What is love's real aim? Why is it so ruthlessly selective in its choice of loved ones? Why do we love at all?
In addressing these questions, Simon May develops a radically new understanding of love as the emotion we feel towards whomever or whatever we experience as grounding our life-as offering us a possibility of home in a world that we supremely value. He sees love as motivated by a promise of "ontological rootedness," rather than, as two thousand years of tradition variously asserts, by beauty or goodness, by a search for wholeness, by virtue, by sexual or reproductive desire, by compassion or
altruism or empathy, or, in one of today's dominant views, by no qualities at all of the loved one.
After arguing that such founding Western myths as the Odyssey and Abraham's call by God to Canaan in the Bible powerfully exemplify his new conception of love, May goes on to re-examine the relation of love to beauty, sex, and goodness in the light of this conception, offering among other things a novel theory of beauty-and suggesting, against Plato, that we can love others for their ugliness (while also seeing them as beautiful).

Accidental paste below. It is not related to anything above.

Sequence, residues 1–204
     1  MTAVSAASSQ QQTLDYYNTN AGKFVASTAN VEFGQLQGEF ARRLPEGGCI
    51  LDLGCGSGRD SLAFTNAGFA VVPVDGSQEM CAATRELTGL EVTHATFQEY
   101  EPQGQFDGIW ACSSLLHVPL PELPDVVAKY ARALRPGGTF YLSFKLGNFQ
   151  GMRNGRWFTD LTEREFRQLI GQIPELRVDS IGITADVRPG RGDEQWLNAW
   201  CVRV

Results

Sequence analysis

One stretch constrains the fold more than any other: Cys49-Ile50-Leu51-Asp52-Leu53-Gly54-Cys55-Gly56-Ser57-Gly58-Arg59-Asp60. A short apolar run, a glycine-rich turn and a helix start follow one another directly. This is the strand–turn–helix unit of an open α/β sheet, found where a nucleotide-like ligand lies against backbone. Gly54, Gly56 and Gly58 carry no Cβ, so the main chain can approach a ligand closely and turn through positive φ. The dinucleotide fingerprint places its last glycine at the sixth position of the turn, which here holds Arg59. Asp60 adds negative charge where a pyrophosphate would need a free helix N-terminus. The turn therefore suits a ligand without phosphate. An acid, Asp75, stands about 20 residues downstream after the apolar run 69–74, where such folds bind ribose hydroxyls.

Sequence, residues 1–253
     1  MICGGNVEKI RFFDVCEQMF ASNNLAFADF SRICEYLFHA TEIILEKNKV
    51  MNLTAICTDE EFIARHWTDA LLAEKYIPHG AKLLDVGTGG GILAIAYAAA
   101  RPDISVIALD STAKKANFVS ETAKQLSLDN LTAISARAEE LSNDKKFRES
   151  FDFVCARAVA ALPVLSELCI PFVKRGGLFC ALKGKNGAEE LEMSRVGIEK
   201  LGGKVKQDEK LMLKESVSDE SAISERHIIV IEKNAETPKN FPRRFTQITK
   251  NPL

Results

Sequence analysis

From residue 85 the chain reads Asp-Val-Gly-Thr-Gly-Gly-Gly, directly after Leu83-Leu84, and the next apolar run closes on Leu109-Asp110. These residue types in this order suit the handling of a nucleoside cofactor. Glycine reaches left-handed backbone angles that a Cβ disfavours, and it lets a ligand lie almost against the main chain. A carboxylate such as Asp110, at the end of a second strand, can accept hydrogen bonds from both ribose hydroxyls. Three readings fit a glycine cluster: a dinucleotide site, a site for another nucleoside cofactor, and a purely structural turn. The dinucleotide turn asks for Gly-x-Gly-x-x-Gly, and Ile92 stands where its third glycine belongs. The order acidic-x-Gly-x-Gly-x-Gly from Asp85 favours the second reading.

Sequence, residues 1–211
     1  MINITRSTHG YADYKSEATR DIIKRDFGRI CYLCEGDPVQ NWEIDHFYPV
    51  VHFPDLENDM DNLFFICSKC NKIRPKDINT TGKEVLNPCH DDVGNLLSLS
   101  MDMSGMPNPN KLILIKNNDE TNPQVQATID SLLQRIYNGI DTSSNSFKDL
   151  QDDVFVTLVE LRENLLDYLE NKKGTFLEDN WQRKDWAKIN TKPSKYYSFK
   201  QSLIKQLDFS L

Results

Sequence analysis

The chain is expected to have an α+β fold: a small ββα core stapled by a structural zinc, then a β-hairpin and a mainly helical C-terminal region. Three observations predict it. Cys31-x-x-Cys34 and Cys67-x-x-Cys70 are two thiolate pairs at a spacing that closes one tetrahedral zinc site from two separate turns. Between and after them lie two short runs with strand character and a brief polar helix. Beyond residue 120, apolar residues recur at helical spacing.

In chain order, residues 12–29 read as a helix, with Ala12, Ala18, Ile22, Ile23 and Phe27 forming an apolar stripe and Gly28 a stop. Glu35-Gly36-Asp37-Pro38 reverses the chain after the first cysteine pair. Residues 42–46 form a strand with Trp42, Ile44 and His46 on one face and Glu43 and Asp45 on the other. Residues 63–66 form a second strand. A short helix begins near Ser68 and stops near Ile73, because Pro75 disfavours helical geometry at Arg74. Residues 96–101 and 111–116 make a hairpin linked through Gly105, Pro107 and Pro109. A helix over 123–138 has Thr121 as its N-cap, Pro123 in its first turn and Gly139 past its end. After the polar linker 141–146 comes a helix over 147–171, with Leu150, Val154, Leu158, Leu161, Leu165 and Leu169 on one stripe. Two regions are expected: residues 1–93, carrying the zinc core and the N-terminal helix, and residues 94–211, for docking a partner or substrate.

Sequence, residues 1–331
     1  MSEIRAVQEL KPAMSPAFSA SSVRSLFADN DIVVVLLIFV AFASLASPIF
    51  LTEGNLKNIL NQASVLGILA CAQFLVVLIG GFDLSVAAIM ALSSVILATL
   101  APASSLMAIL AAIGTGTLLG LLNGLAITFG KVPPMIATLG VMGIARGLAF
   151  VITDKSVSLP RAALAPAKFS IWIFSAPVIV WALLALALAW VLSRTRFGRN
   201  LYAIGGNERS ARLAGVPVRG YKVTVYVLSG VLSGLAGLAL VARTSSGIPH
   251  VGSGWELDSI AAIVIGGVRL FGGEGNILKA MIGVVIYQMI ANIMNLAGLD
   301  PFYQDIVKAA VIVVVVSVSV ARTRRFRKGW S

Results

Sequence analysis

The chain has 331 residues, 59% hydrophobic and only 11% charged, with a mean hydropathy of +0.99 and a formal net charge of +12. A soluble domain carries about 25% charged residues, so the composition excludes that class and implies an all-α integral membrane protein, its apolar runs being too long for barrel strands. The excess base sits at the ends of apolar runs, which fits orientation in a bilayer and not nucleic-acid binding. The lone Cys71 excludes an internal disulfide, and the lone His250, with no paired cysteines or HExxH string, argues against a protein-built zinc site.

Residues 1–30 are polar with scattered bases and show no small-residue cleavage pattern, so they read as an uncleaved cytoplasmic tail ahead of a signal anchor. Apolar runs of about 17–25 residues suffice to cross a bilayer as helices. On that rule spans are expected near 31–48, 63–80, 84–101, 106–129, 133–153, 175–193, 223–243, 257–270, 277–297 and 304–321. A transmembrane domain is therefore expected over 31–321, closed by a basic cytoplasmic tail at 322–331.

Finally, he proposes that, in the Western world, romantic love is gradually giving way to parental love as the most valued form of love: namely, the love without which one's life is not deemed complete or truly flourishing. May explains why childhood has become sacred and excellence in parenting a paramount ideal-as well as a litmus test of society's moral health. In doing so, he argues that the child is the first genuinely "modern" supreme object of love: the first to fully reflect what
Nietzsche called "the death of God."